Cancer Rumors: What Are They and How They May Help People Cope, Make Sense of Diagnosis

What are cancer rumors and why do people share them?

A team of scientists, including UNC’s Christine Rini, PhD, reports that cancer rumors, such as the idea that one can get cancer from being in contact with a cancer patient, may affect health-related behaviors and medical decision-making.

Dr. Rini, says, “It’s common for people to share information about cancer in their conversations with family members and friends.  Although we tend to trust people we care for and the information may sound right, the content of the information is not always accurate.”

The scientists surveyed 169 members of established online cancer discussion groups about informal cancer statements - cancer rumors - heard from non-medical sources. Their results are published in the June 24, 2012  online issue of the Journal of Health CommunicationExternal Site.

Dr. Rini explains, “We have rarely documented the informal sharing of information about cancer and tend to assume that people accept the information offered through expert channels, such as their doctors, or from certain websites that we trust. We have also disregarded that individuals come to a cancer diagnosis with pre-existing beliefs and perceptions that for some people are strongly held and can be difficult to change.

“For example, some people believe that cancer is always lethal, that there’s no cure, no recovery. Such beliefs could easily influence people’s behavior in a way that may not be helpful to their emotional state or that of their loved ones at the time of diagnosis.”

The team reported that cancer rumor content focused on the lethal nature of the disease (cancer is always fatal), disease causes (agent orange, microwave ovens) the suffering associated with cancer treatment (all cancer patients lose their hair), and other issues such as the greater significance of cancer (it brings invaluable experiences), alternative cures, and cancer prevention methods.

They concluded that their findings highlight the continuing importance of non-electronic, word-of-mouth communication.

Dr. Rini says, “People should be cautious about believing what they hear about cancer, knowing that the information may not be accurate despite its emotional appeal. The best person to consult about cancer information is an expert such as a physician or nurse or a trusted website (see examples below)."

Dr. Rini is a research associate professor of health behavior in the UNC Gillings School of Global Public Health and a member of UNC Lineberger Comprehensive Cancer Center.

Other authors are from the Rochester Institute of Technology in Rochester, New York; George Mason University in Fairfax, Virginia; and the University of Iowa in Iowa City, Iowa.

Funding for the study was provided by a grant from the National Science Foundation.

National Cancer InstituteExternal Site

American Cancer SocietyExternal Site

American Society of Clinical OncologyExternal Site

A team of scientists, including UNC’s Christine Rini, PhD, reports that cancer rumors, such as the idea that one can get cancer from being in contact with a cancer patient, may affect health-related behaviors and medical decision-making.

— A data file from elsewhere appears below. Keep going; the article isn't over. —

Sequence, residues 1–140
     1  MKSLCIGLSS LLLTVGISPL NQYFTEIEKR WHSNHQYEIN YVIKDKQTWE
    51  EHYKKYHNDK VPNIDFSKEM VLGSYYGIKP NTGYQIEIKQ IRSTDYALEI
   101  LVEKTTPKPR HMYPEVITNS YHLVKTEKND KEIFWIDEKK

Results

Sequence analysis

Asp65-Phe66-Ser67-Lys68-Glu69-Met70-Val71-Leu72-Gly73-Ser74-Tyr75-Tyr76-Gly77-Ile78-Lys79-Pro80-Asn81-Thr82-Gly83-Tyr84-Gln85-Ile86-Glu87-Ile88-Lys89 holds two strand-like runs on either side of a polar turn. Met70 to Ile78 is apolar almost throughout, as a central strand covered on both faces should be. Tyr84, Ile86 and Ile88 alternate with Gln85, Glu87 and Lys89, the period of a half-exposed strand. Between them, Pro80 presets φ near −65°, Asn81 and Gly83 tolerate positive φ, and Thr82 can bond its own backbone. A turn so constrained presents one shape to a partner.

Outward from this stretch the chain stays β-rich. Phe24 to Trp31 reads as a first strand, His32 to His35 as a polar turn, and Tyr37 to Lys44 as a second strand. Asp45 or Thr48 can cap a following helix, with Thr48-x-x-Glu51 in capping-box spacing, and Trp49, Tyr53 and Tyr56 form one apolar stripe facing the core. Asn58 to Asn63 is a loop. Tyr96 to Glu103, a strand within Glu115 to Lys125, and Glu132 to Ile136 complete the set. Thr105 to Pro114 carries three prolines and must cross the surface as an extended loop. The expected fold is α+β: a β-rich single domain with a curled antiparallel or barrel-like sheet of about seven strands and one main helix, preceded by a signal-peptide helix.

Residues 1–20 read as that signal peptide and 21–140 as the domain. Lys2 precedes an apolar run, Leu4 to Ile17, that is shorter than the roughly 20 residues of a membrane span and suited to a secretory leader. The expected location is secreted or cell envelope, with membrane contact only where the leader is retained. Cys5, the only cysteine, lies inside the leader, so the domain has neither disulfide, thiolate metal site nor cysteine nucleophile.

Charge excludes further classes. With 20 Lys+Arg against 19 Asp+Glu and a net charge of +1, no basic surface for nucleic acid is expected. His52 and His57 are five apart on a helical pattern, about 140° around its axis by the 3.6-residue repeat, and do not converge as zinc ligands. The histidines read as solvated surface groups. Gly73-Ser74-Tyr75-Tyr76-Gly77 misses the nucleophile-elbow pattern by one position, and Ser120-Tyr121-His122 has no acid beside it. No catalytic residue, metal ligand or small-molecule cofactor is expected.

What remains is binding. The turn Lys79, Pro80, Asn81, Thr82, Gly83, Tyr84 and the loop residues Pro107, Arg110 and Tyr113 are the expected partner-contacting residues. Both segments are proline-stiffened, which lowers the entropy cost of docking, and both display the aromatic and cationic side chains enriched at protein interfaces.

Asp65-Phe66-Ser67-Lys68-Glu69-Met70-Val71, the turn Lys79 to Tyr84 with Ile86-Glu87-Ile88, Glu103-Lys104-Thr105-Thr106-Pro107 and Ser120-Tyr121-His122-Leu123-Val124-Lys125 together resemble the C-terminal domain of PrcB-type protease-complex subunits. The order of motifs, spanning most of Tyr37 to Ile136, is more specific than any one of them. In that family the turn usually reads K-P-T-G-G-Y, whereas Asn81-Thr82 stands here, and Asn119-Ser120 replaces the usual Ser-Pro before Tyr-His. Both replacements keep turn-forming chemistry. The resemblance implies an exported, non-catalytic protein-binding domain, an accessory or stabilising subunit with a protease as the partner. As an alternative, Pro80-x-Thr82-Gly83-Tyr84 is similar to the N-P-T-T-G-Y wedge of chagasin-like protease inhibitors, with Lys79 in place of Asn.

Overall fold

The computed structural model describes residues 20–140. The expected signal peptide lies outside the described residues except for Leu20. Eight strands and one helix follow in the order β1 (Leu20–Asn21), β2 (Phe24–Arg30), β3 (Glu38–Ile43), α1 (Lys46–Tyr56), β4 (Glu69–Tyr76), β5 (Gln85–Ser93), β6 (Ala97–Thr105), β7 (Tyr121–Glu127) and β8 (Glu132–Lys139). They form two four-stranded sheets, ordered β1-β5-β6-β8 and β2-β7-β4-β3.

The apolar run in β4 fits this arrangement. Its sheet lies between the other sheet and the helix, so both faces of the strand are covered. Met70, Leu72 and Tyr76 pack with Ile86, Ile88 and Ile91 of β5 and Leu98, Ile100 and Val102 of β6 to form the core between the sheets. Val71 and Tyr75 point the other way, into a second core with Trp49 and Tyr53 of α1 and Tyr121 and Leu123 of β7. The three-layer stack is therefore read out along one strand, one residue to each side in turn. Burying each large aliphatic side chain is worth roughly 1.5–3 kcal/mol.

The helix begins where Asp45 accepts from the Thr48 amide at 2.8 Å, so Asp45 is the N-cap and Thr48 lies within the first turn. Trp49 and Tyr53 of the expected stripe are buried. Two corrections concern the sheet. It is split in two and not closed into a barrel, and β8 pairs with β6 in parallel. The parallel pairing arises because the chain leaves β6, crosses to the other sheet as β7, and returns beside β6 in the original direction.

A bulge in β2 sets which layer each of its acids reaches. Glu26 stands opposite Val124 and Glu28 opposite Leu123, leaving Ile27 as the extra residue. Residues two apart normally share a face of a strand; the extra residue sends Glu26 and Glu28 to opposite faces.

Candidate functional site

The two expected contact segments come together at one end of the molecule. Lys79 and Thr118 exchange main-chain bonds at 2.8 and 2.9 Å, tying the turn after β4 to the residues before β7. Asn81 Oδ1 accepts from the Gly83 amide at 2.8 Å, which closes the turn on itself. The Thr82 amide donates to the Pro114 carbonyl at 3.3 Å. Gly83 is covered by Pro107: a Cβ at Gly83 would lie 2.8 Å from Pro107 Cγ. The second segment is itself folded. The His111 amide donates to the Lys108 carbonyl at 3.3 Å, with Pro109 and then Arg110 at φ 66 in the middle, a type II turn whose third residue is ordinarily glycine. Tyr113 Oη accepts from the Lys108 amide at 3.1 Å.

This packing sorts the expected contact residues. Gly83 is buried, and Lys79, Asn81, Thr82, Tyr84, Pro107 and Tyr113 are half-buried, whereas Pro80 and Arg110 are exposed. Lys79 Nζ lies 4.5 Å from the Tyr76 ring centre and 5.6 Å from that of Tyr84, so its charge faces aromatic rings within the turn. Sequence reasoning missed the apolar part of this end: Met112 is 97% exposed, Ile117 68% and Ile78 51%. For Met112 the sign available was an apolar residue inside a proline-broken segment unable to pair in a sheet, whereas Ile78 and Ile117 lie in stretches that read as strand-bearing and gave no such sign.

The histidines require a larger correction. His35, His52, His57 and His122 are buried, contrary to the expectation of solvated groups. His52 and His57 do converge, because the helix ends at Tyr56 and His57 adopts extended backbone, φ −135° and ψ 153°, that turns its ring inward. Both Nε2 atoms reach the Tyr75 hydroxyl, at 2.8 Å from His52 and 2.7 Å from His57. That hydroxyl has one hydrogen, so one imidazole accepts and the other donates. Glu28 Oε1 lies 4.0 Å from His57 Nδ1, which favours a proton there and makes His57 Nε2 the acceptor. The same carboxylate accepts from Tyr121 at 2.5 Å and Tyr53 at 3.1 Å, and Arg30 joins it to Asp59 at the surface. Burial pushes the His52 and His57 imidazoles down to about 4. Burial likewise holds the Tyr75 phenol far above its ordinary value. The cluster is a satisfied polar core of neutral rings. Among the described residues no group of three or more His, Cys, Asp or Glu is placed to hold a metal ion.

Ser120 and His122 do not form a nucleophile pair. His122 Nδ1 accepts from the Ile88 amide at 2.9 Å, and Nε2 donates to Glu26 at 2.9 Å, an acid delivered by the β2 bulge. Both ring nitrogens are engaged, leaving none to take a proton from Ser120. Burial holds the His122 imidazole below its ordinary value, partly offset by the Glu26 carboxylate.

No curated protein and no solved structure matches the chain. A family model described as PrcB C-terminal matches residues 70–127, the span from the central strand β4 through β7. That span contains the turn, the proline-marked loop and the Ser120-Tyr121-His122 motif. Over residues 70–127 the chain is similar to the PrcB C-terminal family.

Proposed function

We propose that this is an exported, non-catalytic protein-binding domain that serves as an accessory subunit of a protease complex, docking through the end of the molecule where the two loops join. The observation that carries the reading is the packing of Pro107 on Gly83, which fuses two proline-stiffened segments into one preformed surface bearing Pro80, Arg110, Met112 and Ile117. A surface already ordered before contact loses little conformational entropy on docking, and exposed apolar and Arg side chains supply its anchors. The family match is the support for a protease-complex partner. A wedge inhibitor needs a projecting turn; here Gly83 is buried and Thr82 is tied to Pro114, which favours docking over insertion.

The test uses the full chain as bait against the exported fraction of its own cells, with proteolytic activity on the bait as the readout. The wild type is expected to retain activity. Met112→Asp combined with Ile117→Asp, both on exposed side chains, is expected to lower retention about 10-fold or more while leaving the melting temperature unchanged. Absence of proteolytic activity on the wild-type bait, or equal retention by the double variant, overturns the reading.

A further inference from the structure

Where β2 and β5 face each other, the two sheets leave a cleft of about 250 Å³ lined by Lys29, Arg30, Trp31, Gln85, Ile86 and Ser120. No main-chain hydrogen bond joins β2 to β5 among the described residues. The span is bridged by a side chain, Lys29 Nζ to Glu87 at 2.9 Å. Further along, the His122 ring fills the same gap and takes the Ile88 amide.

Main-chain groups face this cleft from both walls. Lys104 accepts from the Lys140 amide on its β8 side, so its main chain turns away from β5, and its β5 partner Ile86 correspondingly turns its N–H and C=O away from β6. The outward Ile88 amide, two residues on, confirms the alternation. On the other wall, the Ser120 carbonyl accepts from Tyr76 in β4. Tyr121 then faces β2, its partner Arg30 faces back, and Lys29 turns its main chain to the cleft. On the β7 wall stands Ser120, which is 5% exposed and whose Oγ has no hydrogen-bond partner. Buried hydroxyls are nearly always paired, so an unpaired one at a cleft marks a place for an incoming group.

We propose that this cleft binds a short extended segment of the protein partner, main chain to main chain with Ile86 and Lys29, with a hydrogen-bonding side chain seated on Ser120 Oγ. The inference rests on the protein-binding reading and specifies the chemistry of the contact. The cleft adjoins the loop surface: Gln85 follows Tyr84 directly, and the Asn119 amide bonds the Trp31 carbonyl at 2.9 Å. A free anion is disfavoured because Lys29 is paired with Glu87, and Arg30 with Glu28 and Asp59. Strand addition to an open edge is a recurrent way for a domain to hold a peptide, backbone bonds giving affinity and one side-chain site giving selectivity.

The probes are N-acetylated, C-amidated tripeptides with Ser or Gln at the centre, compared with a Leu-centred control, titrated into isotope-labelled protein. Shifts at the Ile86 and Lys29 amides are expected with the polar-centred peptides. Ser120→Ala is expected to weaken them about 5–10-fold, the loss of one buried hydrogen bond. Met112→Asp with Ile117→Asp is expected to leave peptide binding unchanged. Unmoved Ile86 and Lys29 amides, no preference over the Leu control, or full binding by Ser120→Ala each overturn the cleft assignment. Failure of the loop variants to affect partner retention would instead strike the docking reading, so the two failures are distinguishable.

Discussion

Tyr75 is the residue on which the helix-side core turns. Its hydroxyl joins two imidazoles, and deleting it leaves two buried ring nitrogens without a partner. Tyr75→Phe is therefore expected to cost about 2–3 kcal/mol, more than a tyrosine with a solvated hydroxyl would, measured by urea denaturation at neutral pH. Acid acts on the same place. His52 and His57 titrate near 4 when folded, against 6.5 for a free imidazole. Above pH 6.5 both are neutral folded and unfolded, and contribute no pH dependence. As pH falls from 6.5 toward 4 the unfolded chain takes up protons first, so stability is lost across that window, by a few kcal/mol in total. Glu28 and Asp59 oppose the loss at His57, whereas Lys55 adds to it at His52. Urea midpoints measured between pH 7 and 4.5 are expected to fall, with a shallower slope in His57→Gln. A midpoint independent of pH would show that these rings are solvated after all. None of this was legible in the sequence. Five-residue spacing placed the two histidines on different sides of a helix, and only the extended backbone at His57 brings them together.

Dr. Rini, says, “It’s common for people to share information about cancer in their conversations with family members and friends.  Although we tend to trust people we care for and the information may sound right, the content of the information is not always accurate.”

The scientists surveyed 169 members of established online cancer discussion groups about informal cancer statements - cancer rumors - heard from non-medical sources. Their results are published in the June 24, 2012  online issue of the Journal of Health CommunicationExternal Site.

Dr. Rini explains, “We have rarely documented the informal sharing of information about cancer and tend to assume that people accept the information offered through expert channels, such as their doctors, or from certain websites that we trust. We have also disregarded that individuals come to a cancer diagnosis with pre-existing beliefs and perceptions that for some people are strongly held and can be difficult to change.

“For example, some people believe that cancer is always lethal, that there’s no cure, no recovery. Such beliefs could easily influence people’s behavior in a way that may not be helpful to their emotional state or that of their loved ones at the time of diagnosis.”

The team reported that cancer rumor content focused on the lethal nature of the disease (cancer is always fatal), disease causes (agent orange, microwave ovens) the suffering associated with cancer treatment (all cancer patients lose their hair), and other issues such as the greater significance of cancer (it brings invaluable experiences), alternative cures, and cancer prevention methods.

They concluded that their findings highlight the continuing importance of non-electronic, word-of-mouth communication.

Dr. Rini says, “People should be cautious about believing what they hear about cancer, knowing that the information may not be accurate despite its emotional appeal. The best person to consult about cancer information is an expert such as a physician or nurse or a trusted website (see examples below)."

Dr. Rini is a research associate professor of health behavior in the UNC Gillings School of Global Public Health and a member of UNC Lineberger Comprehensive Cancer Center.

Other authors are from the Rochester Institute of Technology in Rochester, New York; George Mason University in Fairfax, Virginia; and the University of Iowa in Iowa City, Iowa.

Funding for the study was provided by a grant from the National Science Foundation.

National Cancer InstituteExternal Site

American Cancer SocietyExternal Site

American Society of Clinical OncologyExternal Site

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